“I just need some space in the relationship and a chance to think things over.” If you have not heard this in a relationship you may know someone who has. While sometimes “space” can help a relationship, when there are children involved and space “space” means your spouse and children traveling to a different state to “think things over,” you cannot be too careful. What happens if your spouse decides to file for divorce in the other state? Which state will have jurisdiction over the divorce and decision regarding the custody and parenting time your children? Will your children ever come back to Arizona?
Sadly, I have seen many of these cases and the answer to most of these questions comes down to a time. The length of time a person must be domiciled in a state before the state has jurisdiction in a divorce varies according to the laws of the state. In contrast, the length of time a parent must be domiciled in a state before that state has jurisdiction to determine child custody and parenting time is determined by the Uniform Child Custody Jurisdiction and Enforcement Act (“UCCJEA”). According to the UCCJEA, a child’s “home state” is defined as the state where the child has lived with a parent for six consecutive months prior to the commencement of the proceeding.
For example, say a family has lived in Arizona for five years. The husband takes the child to Colorado. So long as the husband has not been in Colorado for more than six consecutive months with the child, then the wife can file in Arizona, and Arizona will likely hold jurisdiction over the child custody and parenting time portion of the divorce.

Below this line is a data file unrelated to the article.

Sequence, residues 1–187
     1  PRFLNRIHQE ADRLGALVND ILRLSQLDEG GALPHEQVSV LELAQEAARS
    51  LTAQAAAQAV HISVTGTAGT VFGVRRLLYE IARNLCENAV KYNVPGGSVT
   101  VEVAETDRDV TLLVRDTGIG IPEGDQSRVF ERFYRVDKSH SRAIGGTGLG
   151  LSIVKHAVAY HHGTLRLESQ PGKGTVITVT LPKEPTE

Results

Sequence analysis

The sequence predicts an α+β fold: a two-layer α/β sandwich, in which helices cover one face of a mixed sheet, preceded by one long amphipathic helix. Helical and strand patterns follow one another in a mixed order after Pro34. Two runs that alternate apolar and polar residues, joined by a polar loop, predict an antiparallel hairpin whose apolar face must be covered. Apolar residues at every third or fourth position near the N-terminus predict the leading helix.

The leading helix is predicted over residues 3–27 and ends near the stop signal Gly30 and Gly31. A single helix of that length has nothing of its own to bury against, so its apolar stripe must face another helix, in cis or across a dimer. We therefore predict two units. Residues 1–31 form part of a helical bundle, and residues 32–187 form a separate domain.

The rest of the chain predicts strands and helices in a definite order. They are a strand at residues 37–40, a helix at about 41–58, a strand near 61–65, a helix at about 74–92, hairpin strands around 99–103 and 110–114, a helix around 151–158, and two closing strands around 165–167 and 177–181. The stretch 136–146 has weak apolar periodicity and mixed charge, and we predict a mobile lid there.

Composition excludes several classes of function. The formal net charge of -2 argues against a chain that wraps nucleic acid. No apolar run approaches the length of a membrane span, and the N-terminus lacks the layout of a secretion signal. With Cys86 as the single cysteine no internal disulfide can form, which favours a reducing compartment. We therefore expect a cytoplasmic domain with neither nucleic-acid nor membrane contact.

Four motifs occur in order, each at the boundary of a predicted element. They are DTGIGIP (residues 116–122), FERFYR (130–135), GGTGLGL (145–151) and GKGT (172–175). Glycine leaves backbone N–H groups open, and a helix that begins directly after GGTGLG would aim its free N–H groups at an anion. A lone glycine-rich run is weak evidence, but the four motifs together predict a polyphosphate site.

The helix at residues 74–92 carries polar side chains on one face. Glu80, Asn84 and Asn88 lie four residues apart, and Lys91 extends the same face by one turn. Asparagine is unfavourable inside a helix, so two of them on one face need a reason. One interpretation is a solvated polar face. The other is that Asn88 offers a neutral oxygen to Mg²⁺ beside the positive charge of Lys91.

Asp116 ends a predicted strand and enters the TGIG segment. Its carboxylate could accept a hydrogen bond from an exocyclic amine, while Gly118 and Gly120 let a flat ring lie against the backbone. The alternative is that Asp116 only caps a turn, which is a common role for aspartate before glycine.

This is only a basic example of the UCCJEA. The UCCJEA is far from simple, and depending on the exact circumstances of the case, the outcome can vary. If you or someone you know is faced with such a situation, I highly recommend speaking with a lawyer with extensive UCCJEA experience.
Many of the cases I have handled have resulted in happy reunions of a worried parent with his/her children. But often the timing has been very close. If your spouse is wanting out of state “space” with the children, you need to think carefully before allowing this to happen. The results of a few months of “space” may have long lasting effects in your and your children’s lives. If you need help please contact me at (480) 833-1113.
Attorney Profile: Joshua R. Boyle, Divorce Lawyer